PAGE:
July 30, 2020
Two million people within 500 square miles were left with just five fire engines to protect them because so many had to be diverted to the Bolton student tower block blaze in November last year.
Revealed: Five Fire Engines Were Left To Cover 500 Square Miles During Bolton Inferno
It has led to calls from the region’s mayor Andy Burnham for an end to fire service cuts.
The alarming revelation was made as Greater Manchester Fire and Rescue Service published a report into the inferno that consumed The Cube on November 15 – started by a discarded cigarette.
Around 130 firefighters battled the blaze.
The 217 residents, students at the University of Bolton, were all accounted for after flames spread rapidly across the block, which was clad with high pressure laminate cladding of a different type from that involved in the Grenfell Tower disaster of 2017.
Witnesses to the Bolton blaze said what appeared to be a small fire ripped across and upwards within minutes, “crawling up the cladding like it was nothing”. One resident had to be rescued from the sixth floor with a cherry picker, her flat vanishing into smoke and flames just minutes later. 
A report published on Thursday by Greater Manchester Fire and Rescue Service (GMFRS) into the blaze concluded flames spread rapidly and posed a real risk to residents’ safety.
The Grenfell Tower disaster put so-called “stay put” policies – where residents are asked to remain inside their own properties as the buildings are designed to stop fires spreading – into sharp focus.
Many living in Grenfell Tower had been told staying put would keep them safe from the encroaching blaze, but tragically became trapped in their homes.
The GMFRS report into The Cube fire states: ″The recognition early into the incident that the building was failing to contain the fire, multiple fire spread patterns and the loss of integrity of the protected stairwells resulted in the IC [incident commander] realising the need for an immediate and full evacuation of The Cube.
“NWFC’s [North West Fire Control] subsequent and clear change of advice to callers from ‘stay put’ to ‘evacuate’, it is considered, contributed to the reduction of injury and allowed all persons to safely leave the building.” 
As it happened, The Cube did in fact have an evacuation strategy, which meant occupants were meant to clear out at the sound of the alarm – so it is not clear why anyone might have been advised to “stay put” in the first place. Usually 999 callers are asked to comply with whatever they believe their fire policy to be, but it is not clear whether all the students knew this. Some were already leaving the building when the brigade arrived, but they weren’t doing so quickly enough.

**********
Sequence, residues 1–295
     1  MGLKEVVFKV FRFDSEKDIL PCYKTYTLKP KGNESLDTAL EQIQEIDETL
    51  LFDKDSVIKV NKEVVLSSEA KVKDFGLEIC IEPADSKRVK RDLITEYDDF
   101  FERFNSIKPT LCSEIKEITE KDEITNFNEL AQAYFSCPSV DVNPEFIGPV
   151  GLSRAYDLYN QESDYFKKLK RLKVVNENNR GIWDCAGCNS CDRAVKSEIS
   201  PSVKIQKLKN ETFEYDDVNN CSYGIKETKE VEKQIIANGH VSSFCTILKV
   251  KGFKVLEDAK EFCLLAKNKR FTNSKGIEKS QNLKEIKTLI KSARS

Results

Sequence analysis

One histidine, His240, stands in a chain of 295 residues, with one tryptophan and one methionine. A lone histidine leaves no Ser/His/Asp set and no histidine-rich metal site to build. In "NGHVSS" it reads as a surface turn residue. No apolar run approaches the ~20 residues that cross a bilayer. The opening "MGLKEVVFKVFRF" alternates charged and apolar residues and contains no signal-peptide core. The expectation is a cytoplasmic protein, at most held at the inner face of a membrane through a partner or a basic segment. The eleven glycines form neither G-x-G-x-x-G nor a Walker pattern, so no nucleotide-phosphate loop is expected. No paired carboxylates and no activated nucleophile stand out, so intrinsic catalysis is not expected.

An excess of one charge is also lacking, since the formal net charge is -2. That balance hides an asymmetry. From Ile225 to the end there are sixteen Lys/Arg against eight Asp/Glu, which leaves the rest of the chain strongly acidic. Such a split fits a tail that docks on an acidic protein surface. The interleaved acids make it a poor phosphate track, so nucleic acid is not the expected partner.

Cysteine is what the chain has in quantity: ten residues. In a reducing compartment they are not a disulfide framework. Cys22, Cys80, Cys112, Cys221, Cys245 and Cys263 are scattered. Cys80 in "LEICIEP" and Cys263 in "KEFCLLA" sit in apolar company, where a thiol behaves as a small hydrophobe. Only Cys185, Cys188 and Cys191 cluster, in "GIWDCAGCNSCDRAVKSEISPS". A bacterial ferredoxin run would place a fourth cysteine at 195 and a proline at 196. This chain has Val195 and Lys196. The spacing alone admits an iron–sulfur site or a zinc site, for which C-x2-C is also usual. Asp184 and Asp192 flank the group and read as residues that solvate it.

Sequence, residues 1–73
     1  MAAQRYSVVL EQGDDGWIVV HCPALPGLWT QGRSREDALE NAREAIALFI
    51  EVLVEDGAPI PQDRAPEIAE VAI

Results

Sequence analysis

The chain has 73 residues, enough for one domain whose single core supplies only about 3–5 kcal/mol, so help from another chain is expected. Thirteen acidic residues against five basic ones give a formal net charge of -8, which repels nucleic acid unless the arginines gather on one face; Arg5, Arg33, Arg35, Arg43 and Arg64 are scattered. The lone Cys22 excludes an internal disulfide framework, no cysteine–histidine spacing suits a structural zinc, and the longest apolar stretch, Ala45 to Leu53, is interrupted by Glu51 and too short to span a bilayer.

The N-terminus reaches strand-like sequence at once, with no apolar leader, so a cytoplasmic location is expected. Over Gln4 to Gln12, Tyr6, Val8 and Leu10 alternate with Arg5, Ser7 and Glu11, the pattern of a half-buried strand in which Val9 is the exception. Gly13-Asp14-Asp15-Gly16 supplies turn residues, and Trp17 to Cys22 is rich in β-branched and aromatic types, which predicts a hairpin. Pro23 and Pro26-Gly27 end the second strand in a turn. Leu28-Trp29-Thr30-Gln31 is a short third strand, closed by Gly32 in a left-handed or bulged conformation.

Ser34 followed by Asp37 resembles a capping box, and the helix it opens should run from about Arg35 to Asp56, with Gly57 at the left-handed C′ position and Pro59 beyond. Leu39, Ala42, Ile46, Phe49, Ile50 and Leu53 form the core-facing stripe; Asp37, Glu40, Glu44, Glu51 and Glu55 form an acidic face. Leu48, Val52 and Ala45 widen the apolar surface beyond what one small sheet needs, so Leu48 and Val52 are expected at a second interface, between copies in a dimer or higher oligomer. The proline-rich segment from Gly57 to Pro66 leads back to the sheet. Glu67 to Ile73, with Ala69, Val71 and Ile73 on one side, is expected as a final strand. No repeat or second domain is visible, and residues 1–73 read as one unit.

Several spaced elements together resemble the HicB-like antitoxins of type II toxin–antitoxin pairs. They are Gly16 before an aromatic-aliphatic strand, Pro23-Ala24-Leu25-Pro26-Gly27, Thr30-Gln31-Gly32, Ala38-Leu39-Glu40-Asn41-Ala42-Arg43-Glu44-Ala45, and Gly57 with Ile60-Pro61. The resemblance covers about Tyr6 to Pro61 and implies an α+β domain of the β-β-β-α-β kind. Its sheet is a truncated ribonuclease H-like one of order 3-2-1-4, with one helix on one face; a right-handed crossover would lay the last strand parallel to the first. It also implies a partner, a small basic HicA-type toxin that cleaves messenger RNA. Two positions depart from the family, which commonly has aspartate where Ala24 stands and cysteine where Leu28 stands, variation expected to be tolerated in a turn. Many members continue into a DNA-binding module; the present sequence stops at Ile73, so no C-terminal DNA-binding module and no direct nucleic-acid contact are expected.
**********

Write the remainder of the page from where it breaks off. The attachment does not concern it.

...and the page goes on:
The evacuation, once fire chiefs sped it up, is thought to have saved many lives.  
Tony Hunter, assistant chief fire officer for GMFRS, said: “The decision at this incident was made through the incident commander calling the immediate evacuation.
“It made very clear that building had to be evacuated and therefore any calls received by North West Fire Control would have supported that higher message. 
“Therefore resident calls up, says ‘smoke near my flat’, they would have been told to evacuate there and then. 
“Obviously the circumstances from this fire were significantly different from the Grenfell inquiry with regards to the change from ‘stay put’. This had an evacuation strategy, it had a full alarm system, and evacuation was already under way when we got there.
“The incident commander rightly noticed that it wasn’t going as quickly as it should have been and the fire was developing in a way that it also shouldn’t have been doing.” 
On the night in question, 27 fire engines from across Greater Manchester were in attendance at the fire in Bolton town centre, and 18 fire engines from other services also had to be called in to attend. 
At one point during the incident there were just five pumps left to cover the entire region. On a normal evening that figure would be close to 50. 
Greater Manchester mayor Andy Burnham said he would be writing to home secretary Priti Patel to draw attention to the way the region’s resources “were stretched to the very limit”, calling for an end to cuts to the service’s budget, greater regulation of student housing and urgent intervention to address the unsafe cladding that continues to encase thousands of buildings across the UK.  The report published on Thursday explicitly focused on the response of the fire service, and did not examine the way the fire spread or its cause – beyond the probable conclusion that it had initially sparked from a discarded cigarette.
A full report into the fire – particularly the role the cladding played – is expected to be published soon. 
David Greenhalgh, leader of Bolton Council, said: “The discussion around resources has to be tackled through building regulations.
“If we get the building regulations right it will have a natural impact on the sheer spread of the fire on that night, which is not what should have happened to a building that passed all the regulations. 
“It simply should not have been the case – it failed. Therefore there’s something completely wrong with the regulations and the criteria. I personally watched a walkway melt before my eyes that night. 
“Afterwards, when I was asking, it was deemed ‘not combustible’. If those tests are not performed at inferno levels instead of just putting a blow torch on something, then there are some serious problems with the way in which we conduct our levels of investigation.” Related... Government Branded ‘Sickening’ Over Safety Loophole That Exempted Bolton Fire Block Bolton Fire: Cladding A 'Concern' Mayor Andy Burnham Confirms Bolton Fire: Firefighters' Union Leader Calls For 'Complete Overhaul' Of Safety Standards After Flames Seen 'Crawling Up The Cladding'
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